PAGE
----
Law graduate Max Schrems and 25,000 other users are suing Facebook for various rights violations, including what they call its "illegal" tracking of their data and its involvement in the US National Security Agency's PRISM surveillance programme.
Facebook's legal team argued that the case was not admissible in an Austrian court because "there is no legal basis for a US-style class action".
The social media giant also accused Schrems of launching the lawsuit for financial gain rather than out of concern for consumer rights.
A judge in Vienna sided with the US company, ruling that Schrems had used one of his two Facebook accounts for professional reasons, meaning he could no longer be considered a private consumer.
"Therefore the court has rejected the case because it does not lie in its jurisdiction," a spokeswoman for the civil court told AFP.
Schrems, who is in his late twenties, said he would appeal the ruling.
"I am a little bit disappointed but it was expected that it would take us a while," he told AFP.
His lawyer Wolfram Proksch said the decision had come as "a shock" and rejected the argument that Schrems could not be viewed as a consumer.
He said his client had merely used Facebook to promote his Europe-v-Facebook (EvF) advocacy group, which campaigns for an overhaul of European Union privacy laws.
"Max isn't a professional, he is an activist who goes to conferences and speaks to the media," Proksch told AFP.
"It would be like the court arguing that if you bought a car and drove it to the office, you were no longer a consumer in the legal sense of the word because you had used the car for business purposes. If we followed this logic, there would be no rights for consumers in the entire EU."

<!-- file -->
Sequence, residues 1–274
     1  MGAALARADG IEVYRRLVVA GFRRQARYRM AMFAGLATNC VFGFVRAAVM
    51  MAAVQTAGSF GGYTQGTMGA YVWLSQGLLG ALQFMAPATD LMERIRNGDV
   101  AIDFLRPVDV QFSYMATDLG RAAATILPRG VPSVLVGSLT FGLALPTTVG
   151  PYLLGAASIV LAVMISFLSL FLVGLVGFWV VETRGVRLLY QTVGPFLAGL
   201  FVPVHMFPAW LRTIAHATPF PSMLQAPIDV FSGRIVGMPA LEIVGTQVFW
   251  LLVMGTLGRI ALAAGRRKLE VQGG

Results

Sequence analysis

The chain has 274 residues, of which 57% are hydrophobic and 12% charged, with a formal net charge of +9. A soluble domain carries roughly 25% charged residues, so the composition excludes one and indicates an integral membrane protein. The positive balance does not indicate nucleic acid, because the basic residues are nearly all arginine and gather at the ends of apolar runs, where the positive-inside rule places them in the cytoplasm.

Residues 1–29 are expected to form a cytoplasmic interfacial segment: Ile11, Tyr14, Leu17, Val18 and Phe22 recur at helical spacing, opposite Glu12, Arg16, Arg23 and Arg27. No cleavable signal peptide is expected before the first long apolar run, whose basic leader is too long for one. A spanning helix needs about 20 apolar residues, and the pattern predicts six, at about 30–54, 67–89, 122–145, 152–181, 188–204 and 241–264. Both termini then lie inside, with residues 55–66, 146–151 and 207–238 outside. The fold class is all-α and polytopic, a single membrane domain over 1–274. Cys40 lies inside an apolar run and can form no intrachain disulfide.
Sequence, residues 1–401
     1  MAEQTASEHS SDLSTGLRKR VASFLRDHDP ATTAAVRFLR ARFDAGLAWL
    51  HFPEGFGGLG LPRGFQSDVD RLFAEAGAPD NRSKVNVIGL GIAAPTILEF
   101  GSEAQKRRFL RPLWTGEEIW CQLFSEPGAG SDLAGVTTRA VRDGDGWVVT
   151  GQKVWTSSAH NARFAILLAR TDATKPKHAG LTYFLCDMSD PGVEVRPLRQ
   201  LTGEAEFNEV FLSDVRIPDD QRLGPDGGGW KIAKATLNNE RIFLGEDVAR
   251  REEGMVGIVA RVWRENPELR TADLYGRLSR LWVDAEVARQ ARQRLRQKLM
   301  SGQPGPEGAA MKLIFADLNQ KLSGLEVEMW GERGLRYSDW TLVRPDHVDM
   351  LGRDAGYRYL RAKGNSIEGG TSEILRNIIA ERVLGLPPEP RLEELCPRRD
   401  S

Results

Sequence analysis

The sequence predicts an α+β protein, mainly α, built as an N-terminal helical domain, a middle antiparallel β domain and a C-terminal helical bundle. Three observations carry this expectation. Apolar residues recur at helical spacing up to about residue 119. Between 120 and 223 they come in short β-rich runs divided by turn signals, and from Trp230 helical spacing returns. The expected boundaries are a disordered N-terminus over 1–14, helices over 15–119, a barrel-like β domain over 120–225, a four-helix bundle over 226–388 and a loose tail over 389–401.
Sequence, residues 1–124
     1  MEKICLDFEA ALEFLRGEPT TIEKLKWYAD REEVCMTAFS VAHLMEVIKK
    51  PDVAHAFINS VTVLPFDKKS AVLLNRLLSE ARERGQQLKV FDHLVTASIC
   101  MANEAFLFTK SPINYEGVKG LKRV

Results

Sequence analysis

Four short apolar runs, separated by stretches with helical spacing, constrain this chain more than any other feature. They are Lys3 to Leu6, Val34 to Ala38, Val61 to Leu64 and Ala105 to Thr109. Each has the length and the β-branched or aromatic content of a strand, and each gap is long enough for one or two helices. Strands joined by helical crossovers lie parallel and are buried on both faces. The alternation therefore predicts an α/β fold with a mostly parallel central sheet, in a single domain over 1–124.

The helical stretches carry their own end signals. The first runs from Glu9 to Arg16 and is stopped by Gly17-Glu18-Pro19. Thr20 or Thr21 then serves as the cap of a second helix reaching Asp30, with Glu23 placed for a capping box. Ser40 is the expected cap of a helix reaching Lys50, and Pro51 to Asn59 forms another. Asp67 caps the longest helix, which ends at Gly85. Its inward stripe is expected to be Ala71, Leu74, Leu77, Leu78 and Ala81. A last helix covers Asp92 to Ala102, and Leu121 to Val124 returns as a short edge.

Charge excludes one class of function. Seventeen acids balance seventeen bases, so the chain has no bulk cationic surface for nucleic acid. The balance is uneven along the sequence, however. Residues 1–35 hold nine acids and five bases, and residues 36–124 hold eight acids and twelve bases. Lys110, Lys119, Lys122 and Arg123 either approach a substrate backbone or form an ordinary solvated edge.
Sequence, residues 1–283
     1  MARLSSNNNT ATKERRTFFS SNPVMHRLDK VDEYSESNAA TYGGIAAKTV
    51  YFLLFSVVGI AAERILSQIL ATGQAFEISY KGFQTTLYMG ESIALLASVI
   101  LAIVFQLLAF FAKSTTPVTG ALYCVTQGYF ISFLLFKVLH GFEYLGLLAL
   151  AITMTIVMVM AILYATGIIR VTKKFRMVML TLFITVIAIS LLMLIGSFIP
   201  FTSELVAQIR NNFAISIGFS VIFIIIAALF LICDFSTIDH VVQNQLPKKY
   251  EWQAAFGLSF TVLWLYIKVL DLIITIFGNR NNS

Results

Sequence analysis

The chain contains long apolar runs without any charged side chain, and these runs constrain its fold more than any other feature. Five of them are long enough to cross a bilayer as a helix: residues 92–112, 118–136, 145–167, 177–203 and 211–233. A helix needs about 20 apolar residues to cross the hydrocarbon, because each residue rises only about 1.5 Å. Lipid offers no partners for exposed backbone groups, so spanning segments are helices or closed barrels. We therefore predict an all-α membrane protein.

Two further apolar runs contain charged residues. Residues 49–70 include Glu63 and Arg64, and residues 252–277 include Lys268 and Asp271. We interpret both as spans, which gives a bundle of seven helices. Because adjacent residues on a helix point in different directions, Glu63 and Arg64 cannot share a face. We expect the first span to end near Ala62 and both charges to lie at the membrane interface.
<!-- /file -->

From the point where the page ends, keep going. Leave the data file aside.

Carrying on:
Facebook welcomed the ruling, saying the claims Schrems had made about Facebook's practices were "patently false".
"This litigation was unnecessary and we're pleased that the court has roundly rejected these claims," a company spokesperson said.
The case has been brought against Facebook's European headquarters in Dublin, which registers all accounts outside the United States and Canada -- making up some 80 percent of Facebook's 1.35 billion users.
Schrems was able to file his action against the Irish subsidiary at a court in Vienna because, under EU law, all member states have to enforce court rulings from any other member state.
David v Goliath
Often described as a David-versus-Goliath battle, interest in the case has been overwhelming.
Just days after Schrems launched the suit in August last year, thousands of people -- mostly based in Europe but also in Asia, Latin America and Australia -- signed up.
In the end, the Austrian limited the number of participants to 25,000 but a further 55,000 have already registered to join the proceedings at a later stage.
Each of the plaintiffs in the case is claiming a symbolic sum of €500 ($540) in damages.
Schrems said his interest in European privacy laws was sparked four years ago when he spent a semester at Santa Clara University in Silicon Valley.
"The general approach in Silicon Valley is that you can do anything you want in Europe" without serious consequences, he said.
In parallel with the class action suit, Schrems and the EvF have also filed several complaints against Facebook in Ireland.
That case was referred to the European Court of Justice (ECJ) after Irish authorities refused to launch an investigation.
The ECJ's decision, expected in 2016, could have wide-ranging implications for US tech companies operating in Europe.